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College of Engineering at The University of Texas at San Antonio Online Magazine

Engineering Scenes

Engineering metal art

Engineering metal art

Hunter Prinz, a junior mechanical engineering major, demonstrates the moving parts of a scorpion he made completely out of scrap metal at his home in Schertz, Texas.

“My father always worked with cars, and I was always with him. I picked up welding from him,” said Prinz. “Last year, I wanted to make one of my best friends a birthday gift. He loves music so I used some of the scrap metal we had around the house and welded him a guitar. I got a lot of positive feedback about that piece, so I started doing more metal art, including this scorpion.”

Prinz has partnered with a local company called Bracken Recycling where he now gets the majority of his scrap metal for his welding projects.

“We call it ‘upcycling’ instead of recycling,” Prinz said.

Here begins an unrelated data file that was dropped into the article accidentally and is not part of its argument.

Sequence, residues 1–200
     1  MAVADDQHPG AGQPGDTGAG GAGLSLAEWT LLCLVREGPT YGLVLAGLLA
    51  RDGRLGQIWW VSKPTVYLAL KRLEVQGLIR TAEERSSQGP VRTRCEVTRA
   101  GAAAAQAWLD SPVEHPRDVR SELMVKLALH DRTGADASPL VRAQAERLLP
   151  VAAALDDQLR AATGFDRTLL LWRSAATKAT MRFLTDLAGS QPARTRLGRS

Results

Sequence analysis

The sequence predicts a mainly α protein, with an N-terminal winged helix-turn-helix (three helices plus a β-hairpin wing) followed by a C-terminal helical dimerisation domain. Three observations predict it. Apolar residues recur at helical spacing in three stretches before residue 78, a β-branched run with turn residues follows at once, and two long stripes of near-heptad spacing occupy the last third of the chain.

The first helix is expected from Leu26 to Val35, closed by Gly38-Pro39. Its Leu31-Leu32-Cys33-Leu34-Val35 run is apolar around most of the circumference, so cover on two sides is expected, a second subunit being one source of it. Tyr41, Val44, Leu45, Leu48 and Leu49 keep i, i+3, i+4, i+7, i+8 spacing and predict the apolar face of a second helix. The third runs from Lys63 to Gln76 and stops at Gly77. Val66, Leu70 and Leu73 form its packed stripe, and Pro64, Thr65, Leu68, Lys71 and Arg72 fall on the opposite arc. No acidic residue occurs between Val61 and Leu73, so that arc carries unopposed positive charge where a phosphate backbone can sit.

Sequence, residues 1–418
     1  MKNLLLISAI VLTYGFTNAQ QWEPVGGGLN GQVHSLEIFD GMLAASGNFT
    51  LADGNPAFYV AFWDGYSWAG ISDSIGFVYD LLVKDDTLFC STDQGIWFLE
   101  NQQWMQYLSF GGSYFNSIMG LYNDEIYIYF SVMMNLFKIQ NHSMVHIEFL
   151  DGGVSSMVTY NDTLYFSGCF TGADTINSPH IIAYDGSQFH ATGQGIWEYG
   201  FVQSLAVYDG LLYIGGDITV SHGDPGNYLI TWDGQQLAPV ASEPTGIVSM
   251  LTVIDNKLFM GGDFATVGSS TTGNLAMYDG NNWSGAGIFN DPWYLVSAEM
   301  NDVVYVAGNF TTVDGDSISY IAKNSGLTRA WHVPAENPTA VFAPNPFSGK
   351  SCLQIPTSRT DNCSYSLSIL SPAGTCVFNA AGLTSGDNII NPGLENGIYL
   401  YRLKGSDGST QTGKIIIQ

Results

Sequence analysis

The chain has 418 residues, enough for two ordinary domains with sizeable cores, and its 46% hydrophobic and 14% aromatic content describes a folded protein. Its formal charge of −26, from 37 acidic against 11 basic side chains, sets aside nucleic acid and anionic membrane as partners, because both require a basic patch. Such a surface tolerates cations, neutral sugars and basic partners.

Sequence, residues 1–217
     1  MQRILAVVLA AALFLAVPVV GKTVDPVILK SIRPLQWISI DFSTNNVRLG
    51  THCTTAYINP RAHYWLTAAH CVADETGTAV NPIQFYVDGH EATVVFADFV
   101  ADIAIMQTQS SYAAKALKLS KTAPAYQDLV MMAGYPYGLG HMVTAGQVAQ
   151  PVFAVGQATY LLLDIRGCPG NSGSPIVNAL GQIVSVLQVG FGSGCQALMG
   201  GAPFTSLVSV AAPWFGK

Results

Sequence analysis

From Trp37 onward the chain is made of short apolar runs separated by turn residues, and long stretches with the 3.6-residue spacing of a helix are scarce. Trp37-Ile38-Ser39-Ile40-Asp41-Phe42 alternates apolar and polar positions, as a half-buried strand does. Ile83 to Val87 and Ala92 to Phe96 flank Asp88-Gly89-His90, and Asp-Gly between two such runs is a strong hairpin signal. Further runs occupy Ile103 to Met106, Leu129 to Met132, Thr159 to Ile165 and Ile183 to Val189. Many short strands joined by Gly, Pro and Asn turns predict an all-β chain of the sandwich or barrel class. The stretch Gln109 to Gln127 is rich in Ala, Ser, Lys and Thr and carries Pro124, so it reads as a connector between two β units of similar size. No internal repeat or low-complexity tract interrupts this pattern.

Prinz’s scorpion took about 10 days to design, three days to weld, and the piece weighs about 450 pounds, moving components and all.

Prinz said he doesn’t have a lot of time or money to design large projects like car suspensions while he’s studying at UTSA. But he has big plans for the future.

“I have a lot of ideas in my head but I can’t do them until I have the money for it,” he said. “This metal art is a good outlet for me. It is a great way to get my designs out of my head so I am not constantly overwhelmed with them. I don’t want to be constantly studying books all the time. I really like to get out and work with my hands.”

When Prinz graduates, he says that his dream job is to work in the automotive industry or own his own company.

“I am constantly seeing things that I want to improve upon,” Prinz said. “It’s not about owning a company and making lots of money. It is about making new things, something that will help and change the world.”

Practice makes perfect

Practice makes perfect

Members of UTSA’s American Society of Civil Engineers (ASCE) Steel Bridge Team practice constructing their steel bridge in the Biotechnology, Sciences and Engineering Building’s atrium. They competed and placed 1st at the 2017 Texas-Mexico ASCE Student Symposium which took place this spring semester in El Paso, Texas.

In May, the team headed to the ASCE 2017 National Student Steel Bridge Competition in Oregon where they placed in the top 20 teams overall who competed from across the United States and Mexico.

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